Although King Kong was not the first important Hollywood film to have a thematic music score (many silent films had multi-theme original scores written for them), it's generally considered to be the most ambitious early film to showcase an all-original score, courtesy of a promising young composer, Max Steiner.
It was also the first hit film to offer a life-like animated central character in any form. Much of what is done today with CGI animation has its conceptual roots in the stop motion animation that was pioneered in King Kong. Willis O'Brien, credited as "Chief Technician" on the film, has been lauded by later generations of film special effects artists as an outstanding genius of founder status.
The film also utilizes unique camera tricks used to intigrate live-action shots with special-effects shots. For example, at the end of the scene where Kong shakes the crew members off the log, he then goes after Driscoll, who is hiding in a small cave just under the ledge. The scene was shot using the miniature set, a mockup of Kong's hand and a rear-projected image of Driscoll in the cave. This is not the first known use of miniature rear projection, but it certainly is among the most famous of early attempts. Other techniques used for the film include the combination of both live-action shots and special-effects shots by running them through an optical printer, large rear-screen projections that enabled actors to act in front of a large screen on which the special effects scenes (such as the attack of the Stegasaurus) were played back, and many more.
Many shots in King Kong featured optical effects by Linwood G. Dunn, who was RKO's optical technician for decades. Dunn did optical effects on Citizen Kane and the original Star Trek TV series, as well as hundreds of other films and shows. In the 1990s, Dunn co-invented an electronic 3-D system now used for micro-surgery in hospitals and in the military, as well as co-inventing a video projection system with better resolution than 35mm film that is used in modern cinemas.
During the film's original 1933 theatrical release, the climax was presented in Magnascope. This is where the screen opens up both vertically and horizontally. Cooper had wanted to wow the audience with the Empire State Building battle in a larger-than-life presentation. He had done this earlier for his earlier film Chang, during the climactic elephant stampede.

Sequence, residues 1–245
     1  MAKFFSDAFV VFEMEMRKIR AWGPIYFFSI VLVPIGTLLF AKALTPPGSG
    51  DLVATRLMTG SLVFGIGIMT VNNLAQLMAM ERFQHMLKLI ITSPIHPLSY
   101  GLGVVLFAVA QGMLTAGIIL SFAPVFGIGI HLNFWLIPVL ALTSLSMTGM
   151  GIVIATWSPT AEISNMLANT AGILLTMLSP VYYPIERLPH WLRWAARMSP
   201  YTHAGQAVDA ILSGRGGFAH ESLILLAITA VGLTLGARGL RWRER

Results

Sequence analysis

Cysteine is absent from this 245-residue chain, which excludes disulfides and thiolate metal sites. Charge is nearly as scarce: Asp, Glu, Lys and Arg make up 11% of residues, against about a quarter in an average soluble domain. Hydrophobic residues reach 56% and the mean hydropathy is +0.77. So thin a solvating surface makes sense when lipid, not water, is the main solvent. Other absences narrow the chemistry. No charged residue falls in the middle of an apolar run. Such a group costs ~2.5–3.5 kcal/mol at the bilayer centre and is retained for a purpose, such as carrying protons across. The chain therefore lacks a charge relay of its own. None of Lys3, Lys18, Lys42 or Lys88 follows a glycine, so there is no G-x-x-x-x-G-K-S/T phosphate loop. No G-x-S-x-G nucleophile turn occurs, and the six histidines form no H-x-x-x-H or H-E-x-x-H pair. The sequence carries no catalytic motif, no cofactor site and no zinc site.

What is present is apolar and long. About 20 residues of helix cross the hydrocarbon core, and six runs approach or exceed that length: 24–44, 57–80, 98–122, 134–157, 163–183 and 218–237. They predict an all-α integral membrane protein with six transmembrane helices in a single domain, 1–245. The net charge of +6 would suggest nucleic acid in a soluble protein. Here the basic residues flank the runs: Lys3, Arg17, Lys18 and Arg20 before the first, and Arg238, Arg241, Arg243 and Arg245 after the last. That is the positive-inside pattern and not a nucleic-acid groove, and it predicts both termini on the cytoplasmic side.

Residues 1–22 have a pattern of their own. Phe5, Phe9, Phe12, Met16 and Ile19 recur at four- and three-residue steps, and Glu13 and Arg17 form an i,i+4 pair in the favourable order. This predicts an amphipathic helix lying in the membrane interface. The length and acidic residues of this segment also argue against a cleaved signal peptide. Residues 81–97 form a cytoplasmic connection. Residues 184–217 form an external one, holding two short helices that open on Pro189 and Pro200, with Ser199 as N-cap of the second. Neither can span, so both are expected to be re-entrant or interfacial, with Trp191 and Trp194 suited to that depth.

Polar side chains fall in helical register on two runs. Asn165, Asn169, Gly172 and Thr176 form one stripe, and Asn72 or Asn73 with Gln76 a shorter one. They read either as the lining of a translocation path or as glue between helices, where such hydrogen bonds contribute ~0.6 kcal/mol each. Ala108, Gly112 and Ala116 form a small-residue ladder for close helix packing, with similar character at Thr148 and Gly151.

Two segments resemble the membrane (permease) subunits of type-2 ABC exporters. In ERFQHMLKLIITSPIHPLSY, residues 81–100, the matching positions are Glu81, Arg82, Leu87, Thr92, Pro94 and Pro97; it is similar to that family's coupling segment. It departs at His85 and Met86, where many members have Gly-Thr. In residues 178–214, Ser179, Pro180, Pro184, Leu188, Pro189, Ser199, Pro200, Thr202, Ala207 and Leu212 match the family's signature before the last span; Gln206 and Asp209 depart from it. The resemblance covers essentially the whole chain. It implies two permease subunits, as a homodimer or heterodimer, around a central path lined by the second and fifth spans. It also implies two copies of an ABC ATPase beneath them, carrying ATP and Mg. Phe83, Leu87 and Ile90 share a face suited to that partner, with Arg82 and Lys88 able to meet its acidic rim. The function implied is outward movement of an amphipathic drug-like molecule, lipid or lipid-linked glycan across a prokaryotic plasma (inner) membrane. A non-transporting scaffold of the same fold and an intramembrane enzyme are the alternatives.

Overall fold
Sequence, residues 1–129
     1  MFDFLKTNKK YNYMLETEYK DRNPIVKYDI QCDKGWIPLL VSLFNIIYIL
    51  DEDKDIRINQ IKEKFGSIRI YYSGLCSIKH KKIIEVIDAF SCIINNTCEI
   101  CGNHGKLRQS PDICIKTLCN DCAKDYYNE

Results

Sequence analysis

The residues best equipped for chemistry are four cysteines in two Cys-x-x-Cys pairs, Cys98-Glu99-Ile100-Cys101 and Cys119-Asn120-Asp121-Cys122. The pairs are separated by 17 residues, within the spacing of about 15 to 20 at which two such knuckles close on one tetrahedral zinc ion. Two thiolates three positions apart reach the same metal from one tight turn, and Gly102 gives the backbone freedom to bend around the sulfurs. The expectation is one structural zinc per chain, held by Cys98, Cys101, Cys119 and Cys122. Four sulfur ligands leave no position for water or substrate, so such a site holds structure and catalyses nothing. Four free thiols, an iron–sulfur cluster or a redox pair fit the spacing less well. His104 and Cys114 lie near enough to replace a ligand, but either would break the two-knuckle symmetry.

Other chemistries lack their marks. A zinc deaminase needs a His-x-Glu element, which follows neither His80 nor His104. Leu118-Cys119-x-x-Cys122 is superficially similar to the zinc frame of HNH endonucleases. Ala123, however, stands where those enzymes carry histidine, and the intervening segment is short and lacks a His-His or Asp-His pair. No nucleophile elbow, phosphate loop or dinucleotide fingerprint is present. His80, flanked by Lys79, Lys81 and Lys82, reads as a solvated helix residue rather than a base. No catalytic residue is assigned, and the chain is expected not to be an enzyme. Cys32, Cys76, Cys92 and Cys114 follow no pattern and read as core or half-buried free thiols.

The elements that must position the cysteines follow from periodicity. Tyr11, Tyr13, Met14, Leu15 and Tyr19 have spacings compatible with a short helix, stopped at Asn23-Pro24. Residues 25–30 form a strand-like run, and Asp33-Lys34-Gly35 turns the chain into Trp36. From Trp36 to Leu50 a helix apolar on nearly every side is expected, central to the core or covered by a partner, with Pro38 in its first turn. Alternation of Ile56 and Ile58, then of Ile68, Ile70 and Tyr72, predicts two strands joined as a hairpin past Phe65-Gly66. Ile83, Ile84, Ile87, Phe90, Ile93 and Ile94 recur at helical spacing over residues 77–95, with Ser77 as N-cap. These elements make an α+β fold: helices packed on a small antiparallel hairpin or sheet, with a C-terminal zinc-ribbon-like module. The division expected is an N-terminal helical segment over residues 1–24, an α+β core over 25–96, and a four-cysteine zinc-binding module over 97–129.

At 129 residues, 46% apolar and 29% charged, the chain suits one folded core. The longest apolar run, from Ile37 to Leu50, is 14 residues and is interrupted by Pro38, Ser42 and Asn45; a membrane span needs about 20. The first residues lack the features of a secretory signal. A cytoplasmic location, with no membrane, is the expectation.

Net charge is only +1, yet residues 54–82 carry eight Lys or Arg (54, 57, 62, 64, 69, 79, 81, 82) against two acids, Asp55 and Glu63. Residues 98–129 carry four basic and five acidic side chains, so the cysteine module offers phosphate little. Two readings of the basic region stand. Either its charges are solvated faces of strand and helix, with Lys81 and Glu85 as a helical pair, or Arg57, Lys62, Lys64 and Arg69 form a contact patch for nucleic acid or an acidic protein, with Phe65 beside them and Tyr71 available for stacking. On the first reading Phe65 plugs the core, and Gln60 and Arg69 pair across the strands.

The Lost Spider Pit Sequence
The first version of the film was test screened to an audience in San Bernardino, California in January 1933, before the official release. At that time the film contained a scene showing what happened to the sailors who were shaken from the log by Kong, showing that they were attacked and then eaten alive at the bottom of the ravine by several creatures, including a giant spider, a giant crab, a giant lizard, and an octopoid-like creature. The "spider-pit scene" provoked many members of the audience to scream, leave the theatre and even faint. After the preview, Cooper cut the scene. However, a memo written by Cooper, recently revealed on a King Kong documentary, indicates that the scene was cut because it slowed the pace of the film down, not because it was too horrific. According to "King Kong Cometh" by Paul A. Wood, the scene did not get past censors and audiences only claim to have seen the sequence. On the 2005 DVD, nothing is mentioned as to the sequence being in the test screening. Stills from the scene exist, but the footage itself remains lost to this day. It is mentioned in the 2005 DVD by Doug Turner that Cooper, the director, usually relegated his outtakes and deleted scenes to the incinerator (a regular practice in all movie productions for decades), so many presume that the spider-pit sequence met the same fate. (Doug Turner: "It was probably burned. Cooper had been known to do that on other films where he didn't want film to be used.") Models used in the sequence (a tarantula and a spider) can be seen hanging on the walls of a workshop in one scene of the 1946 film Genius at Work, and a spider and tentacled creature from the sequence were used in O'Brien's 1957 film The Black Scorpion. Director Peter Jackson and his crew of special effects technicians at Weta Workshop created an imaginative reconstruction for the 2005 DVD release of the film (the scene was not spliced into the film but is intercut with original footage to show where it would have occurred, and is part of the DVD extras). The scene is also recreated in their 2005 remake, with most men surviving the initial fall but having to fight off giant insects to survive.